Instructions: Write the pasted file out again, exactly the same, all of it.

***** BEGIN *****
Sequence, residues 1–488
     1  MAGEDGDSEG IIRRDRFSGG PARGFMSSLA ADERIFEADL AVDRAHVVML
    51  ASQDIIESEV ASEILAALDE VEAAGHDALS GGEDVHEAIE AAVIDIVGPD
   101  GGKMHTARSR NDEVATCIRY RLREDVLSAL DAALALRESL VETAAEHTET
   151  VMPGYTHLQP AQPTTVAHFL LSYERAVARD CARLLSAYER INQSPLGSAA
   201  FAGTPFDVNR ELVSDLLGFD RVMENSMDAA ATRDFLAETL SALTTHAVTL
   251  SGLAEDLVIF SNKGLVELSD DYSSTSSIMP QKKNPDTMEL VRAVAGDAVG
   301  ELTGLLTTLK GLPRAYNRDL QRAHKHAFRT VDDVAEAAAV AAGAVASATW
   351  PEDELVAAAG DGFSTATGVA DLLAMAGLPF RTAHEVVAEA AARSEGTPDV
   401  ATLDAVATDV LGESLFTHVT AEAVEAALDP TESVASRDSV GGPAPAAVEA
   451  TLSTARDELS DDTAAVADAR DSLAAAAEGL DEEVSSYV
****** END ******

Sequence, residues 1–488
     1  MAGEDGDSEG IIRRDRFSGG PARGFMSSLA ADERIFEADL AVDRAHVVML
    51  ASQDIIESEV ASEILAALDE VEAAGHDALS GGEDVHEAIE AAVIDIVGPD
   101  GGKMHTARSR NDEVATCIRY RLREDVLSAL DAALALRESL VETAAEHTET
   151  VMPGYTHLQP AQPTTVAHFL LSYERAVARD CARLLSAYER INQSPLGSAA
   201  FAGTPFDVNR ELVSDLLGFD RVMENSMDAA ATRDFLAETL SALTTHAVTL
   251  SGLAEDLVIF SNKGLVELSD DYSSTSSIMP QKKNPDTMEL VRAVAGDAVG
   301  ELTGLLTTLK GLPRAYNRDL QRAHKHAFRT VDDVAEAAAV AAGAVASATW
   351  PEDELVAAAG DGFSTATGVA DLLAMAGLPF RTAHEVVAEA AARSEGTPDV
   401  ATLDAVATDV LGESLFTHVT AEAVEAALDP TESVASRDSV GGPAPAAVEA
   451  TLSTARDELS DDTAAVADAR DSLAAAAEGL DEEVSSYV